SELECT * FROM Persons

Tip: The asterisk (*) is a quick way of selecting all columns!


The result-set will look like this:
P_Id LastName FirstName Address City

1 Hansen Ola Timoteivn 10 Sandnes

2 Svendson Tove Borgvn 23 Sandnes

3 Pettersen Kari Storgt 20 Stavanger

The SQL SELECT DISTINCT Statement


In a table, some of the columns may contain duplicate values. This is not a problem, however,
sometimes you will want to list only the different (distinct) values in a table.
The DISTINCT keyword can be used to return only distinct (different) values.
SQL SELECT DISTINCT Syntax
SELECT DISTINCT column_name(s)
FROM table_name

SELECT DISTINCT Example


The "Persons" table:
P_Id LastName FirstName Address City

1 Hansen Ola Timoteivn 10 Sandnes

2 Svendson Tove Borgvn 23 Sandnes

3 Pettersen Kari Storgt 20 Stavanger

Now we want to select only the distinct values from the column named "City" from the table
above.
We use the following SELECT statement:
SELECT DISTINCT City FROM Persons

The result-set will look like this:


City

Sandnes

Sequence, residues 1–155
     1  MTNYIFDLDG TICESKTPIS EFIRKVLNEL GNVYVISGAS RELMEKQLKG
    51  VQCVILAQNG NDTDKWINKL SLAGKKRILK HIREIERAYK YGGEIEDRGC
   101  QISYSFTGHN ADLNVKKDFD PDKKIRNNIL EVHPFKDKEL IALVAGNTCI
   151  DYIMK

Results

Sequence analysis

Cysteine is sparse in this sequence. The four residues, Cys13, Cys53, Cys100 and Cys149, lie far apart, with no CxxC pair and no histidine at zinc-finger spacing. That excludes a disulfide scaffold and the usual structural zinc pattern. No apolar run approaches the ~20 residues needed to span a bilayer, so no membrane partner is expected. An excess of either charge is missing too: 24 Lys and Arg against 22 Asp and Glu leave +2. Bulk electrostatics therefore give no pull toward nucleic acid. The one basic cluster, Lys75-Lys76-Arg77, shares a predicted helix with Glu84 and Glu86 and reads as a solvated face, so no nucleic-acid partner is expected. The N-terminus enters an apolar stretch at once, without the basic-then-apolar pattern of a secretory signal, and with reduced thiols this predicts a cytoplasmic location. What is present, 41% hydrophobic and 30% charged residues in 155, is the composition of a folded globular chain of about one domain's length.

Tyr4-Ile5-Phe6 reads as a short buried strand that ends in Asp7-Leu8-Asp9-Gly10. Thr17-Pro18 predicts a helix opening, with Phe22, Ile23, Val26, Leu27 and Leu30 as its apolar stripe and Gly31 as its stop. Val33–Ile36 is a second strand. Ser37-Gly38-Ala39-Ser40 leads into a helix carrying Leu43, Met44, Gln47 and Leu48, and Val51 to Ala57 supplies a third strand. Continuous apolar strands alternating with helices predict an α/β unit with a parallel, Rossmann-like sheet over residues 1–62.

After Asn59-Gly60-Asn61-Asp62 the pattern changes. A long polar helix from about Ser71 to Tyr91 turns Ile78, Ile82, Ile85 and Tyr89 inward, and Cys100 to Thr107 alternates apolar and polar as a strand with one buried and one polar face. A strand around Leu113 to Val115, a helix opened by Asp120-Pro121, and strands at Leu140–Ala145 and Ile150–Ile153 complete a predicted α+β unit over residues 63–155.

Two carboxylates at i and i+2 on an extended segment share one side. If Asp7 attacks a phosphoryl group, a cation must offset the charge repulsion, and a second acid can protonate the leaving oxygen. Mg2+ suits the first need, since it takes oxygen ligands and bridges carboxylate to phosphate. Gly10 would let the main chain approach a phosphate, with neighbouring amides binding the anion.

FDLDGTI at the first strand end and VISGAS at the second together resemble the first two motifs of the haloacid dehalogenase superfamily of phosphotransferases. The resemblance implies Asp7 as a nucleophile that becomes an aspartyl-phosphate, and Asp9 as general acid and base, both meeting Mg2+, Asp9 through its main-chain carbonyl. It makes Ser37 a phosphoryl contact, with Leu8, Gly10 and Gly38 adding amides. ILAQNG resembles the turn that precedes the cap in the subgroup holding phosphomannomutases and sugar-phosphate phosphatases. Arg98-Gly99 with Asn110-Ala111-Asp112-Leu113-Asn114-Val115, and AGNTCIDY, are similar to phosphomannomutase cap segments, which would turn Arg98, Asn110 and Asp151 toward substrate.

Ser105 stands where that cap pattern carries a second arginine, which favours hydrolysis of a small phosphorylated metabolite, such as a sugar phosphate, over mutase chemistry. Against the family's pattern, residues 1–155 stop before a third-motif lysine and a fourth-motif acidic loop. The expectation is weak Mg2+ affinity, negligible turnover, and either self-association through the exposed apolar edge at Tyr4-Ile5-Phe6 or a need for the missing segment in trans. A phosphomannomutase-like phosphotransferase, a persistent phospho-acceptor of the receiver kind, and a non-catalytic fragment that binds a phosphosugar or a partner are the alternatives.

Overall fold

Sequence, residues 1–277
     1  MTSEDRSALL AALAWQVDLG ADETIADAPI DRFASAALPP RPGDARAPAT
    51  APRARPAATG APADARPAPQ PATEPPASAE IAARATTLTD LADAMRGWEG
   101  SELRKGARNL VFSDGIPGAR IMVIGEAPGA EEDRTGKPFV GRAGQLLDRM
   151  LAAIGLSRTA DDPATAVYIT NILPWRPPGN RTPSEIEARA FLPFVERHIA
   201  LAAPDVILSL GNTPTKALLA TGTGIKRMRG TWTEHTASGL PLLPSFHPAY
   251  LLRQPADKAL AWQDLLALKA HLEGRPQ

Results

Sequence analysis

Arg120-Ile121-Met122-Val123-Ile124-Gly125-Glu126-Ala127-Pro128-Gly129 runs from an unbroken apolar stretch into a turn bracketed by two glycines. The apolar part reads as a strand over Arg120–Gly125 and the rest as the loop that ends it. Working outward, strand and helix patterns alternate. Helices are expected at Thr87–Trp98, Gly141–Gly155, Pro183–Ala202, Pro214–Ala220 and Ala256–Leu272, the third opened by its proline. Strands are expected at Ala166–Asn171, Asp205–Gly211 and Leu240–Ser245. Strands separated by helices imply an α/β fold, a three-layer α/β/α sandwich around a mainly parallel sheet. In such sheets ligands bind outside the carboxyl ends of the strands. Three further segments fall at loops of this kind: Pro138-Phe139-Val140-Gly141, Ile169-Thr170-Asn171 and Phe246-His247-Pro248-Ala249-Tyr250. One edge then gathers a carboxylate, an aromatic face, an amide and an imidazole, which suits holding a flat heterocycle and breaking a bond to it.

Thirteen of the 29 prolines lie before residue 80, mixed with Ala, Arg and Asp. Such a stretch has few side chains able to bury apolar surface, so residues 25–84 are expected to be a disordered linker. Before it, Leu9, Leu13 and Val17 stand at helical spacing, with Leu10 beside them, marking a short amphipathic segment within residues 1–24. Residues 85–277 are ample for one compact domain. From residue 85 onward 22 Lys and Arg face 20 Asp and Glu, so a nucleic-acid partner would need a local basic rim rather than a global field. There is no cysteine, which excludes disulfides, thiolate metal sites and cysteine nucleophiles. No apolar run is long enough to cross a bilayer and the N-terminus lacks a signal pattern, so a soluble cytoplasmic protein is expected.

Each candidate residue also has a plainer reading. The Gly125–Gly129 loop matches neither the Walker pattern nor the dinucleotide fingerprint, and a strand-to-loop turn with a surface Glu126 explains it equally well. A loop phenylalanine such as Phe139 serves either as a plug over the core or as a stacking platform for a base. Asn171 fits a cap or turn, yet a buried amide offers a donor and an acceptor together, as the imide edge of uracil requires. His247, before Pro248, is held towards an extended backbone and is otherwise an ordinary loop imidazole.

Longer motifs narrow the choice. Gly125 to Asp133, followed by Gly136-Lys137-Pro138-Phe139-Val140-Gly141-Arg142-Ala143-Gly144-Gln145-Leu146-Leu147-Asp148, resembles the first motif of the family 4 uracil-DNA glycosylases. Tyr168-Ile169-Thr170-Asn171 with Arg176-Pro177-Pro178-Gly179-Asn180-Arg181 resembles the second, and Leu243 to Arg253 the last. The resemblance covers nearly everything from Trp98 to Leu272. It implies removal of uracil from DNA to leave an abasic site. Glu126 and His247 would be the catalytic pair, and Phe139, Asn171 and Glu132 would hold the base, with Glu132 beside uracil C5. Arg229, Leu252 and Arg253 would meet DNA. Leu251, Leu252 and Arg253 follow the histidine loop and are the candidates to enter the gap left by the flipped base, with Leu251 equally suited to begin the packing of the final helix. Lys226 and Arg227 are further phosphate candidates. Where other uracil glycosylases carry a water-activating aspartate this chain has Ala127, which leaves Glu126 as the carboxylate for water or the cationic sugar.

Stavanger
The WHERE Clause
The WHERE clause is used to extract only those records that fulfill a specified criterion.
SQL WHERE Syntax
SELECT column_name(s)
FROM table_name
WHERE column_name operator value

WHERE Clause Example


The "Persons" table:
P_Id LastName FirstName Address City

1 Hansen Ola Timoteivn 10 Sandnes

2 Svendson Tove Borgvn 23 Sandnes

3 Pettersen Kari Storgt 20 Stavanger

Now we want to select only the persons living in the city "Sandnes" from the table above.
We use the following SELECT statement:
SELECT * FROM Persons
WHERE City='Sandnes'

The result-set will look like this:


P_Id LastName FirstName Address City

1 Hansen Ola Timoteivn 10 Sandnes

2 Svendson Tove Borgvn 23 Sandnes

Operators Allowed in the WHERE Clause


With the WHERE clause, the following operators can be used:
Operator Description
= Equal
<> Not equal
> Greater than
< Less than
>= Greater than or equal
<= Less than or equal
BETWEEN Between an inclusive range
LIKE Search for a pattern
IN If you know the exact value you want to return for at least one of the columns